While carers are busy taking care of others, it is crucial they also look after their own health and self-care.  

As carers settle into their 2024 routines, there are many ways they can stay on top of their own health and wellbeing, so they can continue to bring their best selves to their roles as carers.  

Our Carer Conversations podcast presenter and co-producer Patty Kikos at Carer Gateway, recently spoke with Jack Lawton, a psychotherapist and one of the counsellors at Carer Gateway in Sydney.  

Patty Kikos with Jack Lawton for the Carer Gateway Podcast.

Image: Patty Kikos with Carer Gateway counsellor Jack Lawton

They discussed what carers can expect from counselling sessions through Carer Gateway.  

The counselling and support options available through Carer Gateway

Carers can access six one-on-one counselling sessions every 12 months, depending on their needs. These sessions can be done over the phone, via video link, or in person, and last about an hour. After the sixth session, Carer Gateway provides ongoing support based on the requirements of each individual carer. 

Jack explained that the sessions start with carers and counsellors getting to know each other and learning more about why the carers are seeking counselling support.  

The following sessions are focused on identifying issues the carers are looking to work through, and how they’d like to be more supported to achieve this. The final sessions see carers reflect on everything they’ve unpacked with their counsellor and identify future support they need. 

Helping carers get in touch with themselves and prioritise their health

According to the Australian Bureau of Statistics, there are approximately 2.7 million carers in Australia. Burnout is an issue that many carers may face in their roles, given how demanding these roles can be. This is especially true when the lines between personal time and time spent as carers blur, when caring for someone at home.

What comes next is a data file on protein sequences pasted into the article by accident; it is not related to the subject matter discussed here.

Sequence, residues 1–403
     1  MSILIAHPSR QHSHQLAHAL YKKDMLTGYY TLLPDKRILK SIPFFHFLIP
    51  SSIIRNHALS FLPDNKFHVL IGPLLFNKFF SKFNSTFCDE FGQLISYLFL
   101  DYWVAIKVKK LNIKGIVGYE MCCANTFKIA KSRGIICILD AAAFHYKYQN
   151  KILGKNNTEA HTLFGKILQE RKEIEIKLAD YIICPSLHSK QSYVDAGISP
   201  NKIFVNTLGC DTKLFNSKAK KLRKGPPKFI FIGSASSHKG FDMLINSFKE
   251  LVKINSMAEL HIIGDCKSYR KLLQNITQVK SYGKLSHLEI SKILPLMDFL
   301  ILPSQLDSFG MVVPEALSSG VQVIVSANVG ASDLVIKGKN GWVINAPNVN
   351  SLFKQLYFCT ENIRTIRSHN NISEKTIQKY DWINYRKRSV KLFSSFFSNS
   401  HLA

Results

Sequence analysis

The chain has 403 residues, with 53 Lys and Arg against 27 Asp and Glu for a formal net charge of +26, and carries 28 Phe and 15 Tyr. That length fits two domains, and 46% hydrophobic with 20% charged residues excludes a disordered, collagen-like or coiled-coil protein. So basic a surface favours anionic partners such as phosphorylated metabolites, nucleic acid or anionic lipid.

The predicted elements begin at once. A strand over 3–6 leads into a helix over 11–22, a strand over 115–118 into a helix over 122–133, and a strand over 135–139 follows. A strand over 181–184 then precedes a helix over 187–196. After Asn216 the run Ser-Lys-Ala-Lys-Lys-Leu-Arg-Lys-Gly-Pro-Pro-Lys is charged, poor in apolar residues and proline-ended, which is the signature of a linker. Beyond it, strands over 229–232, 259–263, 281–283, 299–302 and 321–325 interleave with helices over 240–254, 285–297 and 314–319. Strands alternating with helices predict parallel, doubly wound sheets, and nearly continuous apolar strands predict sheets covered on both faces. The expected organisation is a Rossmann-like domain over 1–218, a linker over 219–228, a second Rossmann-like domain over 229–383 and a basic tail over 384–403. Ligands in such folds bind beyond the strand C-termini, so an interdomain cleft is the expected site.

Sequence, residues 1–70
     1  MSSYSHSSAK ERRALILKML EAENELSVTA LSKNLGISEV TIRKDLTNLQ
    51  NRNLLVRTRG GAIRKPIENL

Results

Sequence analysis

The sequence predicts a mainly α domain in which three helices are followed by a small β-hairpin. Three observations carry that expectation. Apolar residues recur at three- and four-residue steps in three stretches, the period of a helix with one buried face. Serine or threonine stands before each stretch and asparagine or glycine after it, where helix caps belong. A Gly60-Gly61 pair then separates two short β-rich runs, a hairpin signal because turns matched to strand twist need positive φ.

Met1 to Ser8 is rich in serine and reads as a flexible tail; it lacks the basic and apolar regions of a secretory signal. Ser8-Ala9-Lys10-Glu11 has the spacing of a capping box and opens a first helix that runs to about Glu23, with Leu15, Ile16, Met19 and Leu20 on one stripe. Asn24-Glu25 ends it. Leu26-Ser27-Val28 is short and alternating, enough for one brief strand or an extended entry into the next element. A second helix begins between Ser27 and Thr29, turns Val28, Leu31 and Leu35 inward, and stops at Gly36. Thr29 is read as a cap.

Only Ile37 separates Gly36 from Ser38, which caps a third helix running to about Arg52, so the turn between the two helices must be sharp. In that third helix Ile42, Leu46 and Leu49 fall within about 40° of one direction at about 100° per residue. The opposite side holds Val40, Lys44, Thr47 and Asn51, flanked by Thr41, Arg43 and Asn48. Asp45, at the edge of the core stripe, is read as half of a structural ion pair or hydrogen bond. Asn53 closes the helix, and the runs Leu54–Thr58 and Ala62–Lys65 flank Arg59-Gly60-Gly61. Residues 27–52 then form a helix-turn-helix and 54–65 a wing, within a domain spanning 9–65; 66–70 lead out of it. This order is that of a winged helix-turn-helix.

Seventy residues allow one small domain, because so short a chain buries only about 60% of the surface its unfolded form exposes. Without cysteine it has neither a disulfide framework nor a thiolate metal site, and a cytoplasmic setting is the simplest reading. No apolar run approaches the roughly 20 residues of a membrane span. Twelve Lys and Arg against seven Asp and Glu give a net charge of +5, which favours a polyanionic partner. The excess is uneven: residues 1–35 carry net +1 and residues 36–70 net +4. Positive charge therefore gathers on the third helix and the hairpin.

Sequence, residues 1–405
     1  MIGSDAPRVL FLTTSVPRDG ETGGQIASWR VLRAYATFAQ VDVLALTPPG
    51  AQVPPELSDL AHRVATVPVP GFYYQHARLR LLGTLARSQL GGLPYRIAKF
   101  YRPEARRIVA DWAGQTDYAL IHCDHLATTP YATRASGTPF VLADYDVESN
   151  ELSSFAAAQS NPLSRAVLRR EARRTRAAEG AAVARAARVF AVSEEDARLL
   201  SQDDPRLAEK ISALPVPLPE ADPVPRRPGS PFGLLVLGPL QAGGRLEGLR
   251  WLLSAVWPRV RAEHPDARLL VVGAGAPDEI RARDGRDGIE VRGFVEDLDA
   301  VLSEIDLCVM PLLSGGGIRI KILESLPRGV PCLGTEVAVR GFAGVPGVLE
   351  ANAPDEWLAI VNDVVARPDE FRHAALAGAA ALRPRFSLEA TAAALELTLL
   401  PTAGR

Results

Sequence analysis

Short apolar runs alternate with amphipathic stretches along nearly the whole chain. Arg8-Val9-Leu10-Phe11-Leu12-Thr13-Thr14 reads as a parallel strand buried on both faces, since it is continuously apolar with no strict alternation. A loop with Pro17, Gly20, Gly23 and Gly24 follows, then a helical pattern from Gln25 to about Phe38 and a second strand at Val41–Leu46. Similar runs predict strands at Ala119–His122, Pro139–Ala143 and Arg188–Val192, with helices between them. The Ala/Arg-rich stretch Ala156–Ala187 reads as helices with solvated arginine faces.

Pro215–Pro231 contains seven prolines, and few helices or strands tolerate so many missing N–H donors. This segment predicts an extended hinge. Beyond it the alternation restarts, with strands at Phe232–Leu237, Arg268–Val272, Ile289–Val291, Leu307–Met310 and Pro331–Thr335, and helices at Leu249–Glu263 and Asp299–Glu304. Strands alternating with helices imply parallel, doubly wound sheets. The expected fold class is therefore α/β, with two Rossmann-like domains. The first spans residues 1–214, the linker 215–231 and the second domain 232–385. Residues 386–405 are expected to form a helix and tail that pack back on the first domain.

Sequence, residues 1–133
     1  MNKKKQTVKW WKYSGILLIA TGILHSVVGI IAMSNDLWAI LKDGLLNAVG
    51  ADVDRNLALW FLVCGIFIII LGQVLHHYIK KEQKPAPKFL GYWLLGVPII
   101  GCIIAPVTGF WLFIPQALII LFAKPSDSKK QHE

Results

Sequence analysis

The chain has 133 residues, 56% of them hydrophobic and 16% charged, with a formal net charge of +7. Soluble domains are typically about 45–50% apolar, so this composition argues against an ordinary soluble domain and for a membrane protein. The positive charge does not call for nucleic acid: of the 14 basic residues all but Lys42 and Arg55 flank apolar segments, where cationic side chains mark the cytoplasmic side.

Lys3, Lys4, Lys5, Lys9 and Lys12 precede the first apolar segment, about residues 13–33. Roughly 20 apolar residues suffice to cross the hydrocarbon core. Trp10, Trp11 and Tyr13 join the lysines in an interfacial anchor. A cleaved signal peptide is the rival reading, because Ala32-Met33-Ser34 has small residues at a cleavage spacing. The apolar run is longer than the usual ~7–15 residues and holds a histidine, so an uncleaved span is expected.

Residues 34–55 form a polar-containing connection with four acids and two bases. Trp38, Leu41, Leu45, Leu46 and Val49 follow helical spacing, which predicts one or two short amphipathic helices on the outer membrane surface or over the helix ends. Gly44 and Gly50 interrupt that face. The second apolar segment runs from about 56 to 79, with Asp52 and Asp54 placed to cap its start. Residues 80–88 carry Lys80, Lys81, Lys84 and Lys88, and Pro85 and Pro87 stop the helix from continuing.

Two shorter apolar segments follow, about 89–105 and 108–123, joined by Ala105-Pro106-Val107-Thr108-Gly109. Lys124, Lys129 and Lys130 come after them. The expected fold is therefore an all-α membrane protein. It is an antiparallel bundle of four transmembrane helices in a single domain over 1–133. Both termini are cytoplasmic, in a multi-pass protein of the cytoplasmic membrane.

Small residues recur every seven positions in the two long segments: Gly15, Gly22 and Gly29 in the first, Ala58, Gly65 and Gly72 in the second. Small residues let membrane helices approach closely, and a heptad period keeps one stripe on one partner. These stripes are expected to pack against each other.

For Jack, a key benefit to Carer Gateway counselling sessions is helping carers get in touch with their needs to better prioritise their own wellbeing.  

“People in the caring role, they often have very caring hearts and put others needs first and that can be a lovely thing,” Jack says. “But also, as one carer put it to me once, ‘it’s as if I've got a sign above my head that says, hey everyone, I'm a carer, if you need help ask me.’” 

For many carers, these counselling sessions help them to develop more coping skills and ways to approach setting boundaries between their carer roles and their personal lives.  

“Boundaries come from knowing when you can say ‘yes’ and when you can say ‘no’ to things and having a healthy capacity to do both or feeling balanced in that. That's something we can unpack in counselling and work out,” Jack added. 

In addition to counselling sessions, Carer Gateway also offers peer support workshops and activities, tailored support packages, coaching, online skills courses and access to emergency respite.   

Subscribe to ‘Carer Conversations’ wherever you listen to your podcasts including Apple, Spotify and other platforms. For more information on The Benevolent Society’s Carer Gateway program, call 1800 422 737 or click here